The Detroit Cultural Center complex seeks to absorb and counter existing conditions as a means of connection. By doing this, it will reinvigorate the region and strengthen cultural and geographic bonds.
The project is physically and programmatically broken up into the two primary functions: absorption and counter. These tasks are delegated to the master plan complex and the Detroit Culture Center, respectively.
The basis of these functions is largely a result of three axial divisions. The first axis is Chrysler Freeway. While this street divides the area, it also has the potential to greatly benefit the site. It is the most dense and most diverse source of human interaction with the site, and as such, it is the focus of this strategy. The second axis is Gratiot Avenue. Its importance is derived from its connection to major Detroit venues such as Comerica park, Ford Field, and Campus Martius. The third axis is a newly devised pedestrian path connecting the site and stadium area directly to Lafayette park and the immense residential areas beyond. This will help populate the area with a constant flow of pedestrian traffic.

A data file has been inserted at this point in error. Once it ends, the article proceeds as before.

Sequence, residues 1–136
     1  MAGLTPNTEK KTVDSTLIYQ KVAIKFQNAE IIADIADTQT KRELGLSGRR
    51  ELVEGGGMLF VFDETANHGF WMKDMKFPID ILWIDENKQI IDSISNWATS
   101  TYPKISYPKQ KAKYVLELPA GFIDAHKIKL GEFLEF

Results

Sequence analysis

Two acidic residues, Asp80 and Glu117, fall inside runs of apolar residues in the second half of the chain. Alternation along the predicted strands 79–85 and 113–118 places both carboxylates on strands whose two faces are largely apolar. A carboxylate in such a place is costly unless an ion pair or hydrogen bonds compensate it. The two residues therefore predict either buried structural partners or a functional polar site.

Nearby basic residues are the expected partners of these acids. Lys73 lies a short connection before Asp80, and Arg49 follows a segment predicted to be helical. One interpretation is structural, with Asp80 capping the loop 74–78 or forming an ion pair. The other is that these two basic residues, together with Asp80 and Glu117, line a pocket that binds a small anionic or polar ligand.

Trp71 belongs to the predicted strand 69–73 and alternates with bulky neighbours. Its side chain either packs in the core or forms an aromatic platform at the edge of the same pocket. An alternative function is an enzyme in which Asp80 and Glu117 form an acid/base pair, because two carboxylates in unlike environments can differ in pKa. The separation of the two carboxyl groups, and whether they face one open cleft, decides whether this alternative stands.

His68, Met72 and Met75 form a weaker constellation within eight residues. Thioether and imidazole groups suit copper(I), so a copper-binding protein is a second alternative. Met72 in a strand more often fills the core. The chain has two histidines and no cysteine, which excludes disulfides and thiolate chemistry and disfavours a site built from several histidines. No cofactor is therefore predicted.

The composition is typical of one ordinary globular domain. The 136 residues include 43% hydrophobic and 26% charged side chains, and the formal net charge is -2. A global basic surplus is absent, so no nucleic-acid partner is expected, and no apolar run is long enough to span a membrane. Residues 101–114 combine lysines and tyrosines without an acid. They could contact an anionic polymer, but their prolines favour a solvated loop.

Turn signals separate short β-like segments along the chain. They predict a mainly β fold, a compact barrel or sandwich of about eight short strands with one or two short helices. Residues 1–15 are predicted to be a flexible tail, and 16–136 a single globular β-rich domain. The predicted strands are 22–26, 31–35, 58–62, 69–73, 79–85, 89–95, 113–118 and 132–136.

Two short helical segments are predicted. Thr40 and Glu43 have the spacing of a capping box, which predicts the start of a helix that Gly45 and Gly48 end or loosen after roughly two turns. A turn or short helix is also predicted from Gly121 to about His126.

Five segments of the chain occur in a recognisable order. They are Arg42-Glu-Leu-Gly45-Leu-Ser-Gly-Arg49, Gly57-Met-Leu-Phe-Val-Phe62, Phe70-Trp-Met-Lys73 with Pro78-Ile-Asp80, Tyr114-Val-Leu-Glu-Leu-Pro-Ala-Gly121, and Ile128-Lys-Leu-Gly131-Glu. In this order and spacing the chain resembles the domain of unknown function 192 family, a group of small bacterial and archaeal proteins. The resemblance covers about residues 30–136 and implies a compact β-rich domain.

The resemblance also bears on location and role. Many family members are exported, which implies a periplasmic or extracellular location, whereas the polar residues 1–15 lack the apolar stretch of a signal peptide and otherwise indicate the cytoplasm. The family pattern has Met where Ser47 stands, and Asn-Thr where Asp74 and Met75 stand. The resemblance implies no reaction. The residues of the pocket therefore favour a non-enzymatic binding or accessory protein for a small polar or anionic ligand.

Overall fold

Absorption: Typically the impact of an expressway on the immediate urban area is seen as damaging, and there have been many ways in which this has been addressed. This has proven to be a somewhat difficult task for professionals and students alike. My approach is to bridge the gap with a streetscape. While it is physically a bridge, its goal is to facilitate social engagement rather than transportation. By doing this, it will mask the expressway’s presence on the site.
Counter: At the same time, expressways have immense value. The exposure it gives an area is without equal. It is just a matter of harnessing this power. By doing this, it is not only possible to provide connection between local neighborhoods, but it is also possible to connect on a regional level. My Culture Center aggressively interacts with the expressway in order to take full advantage of the location.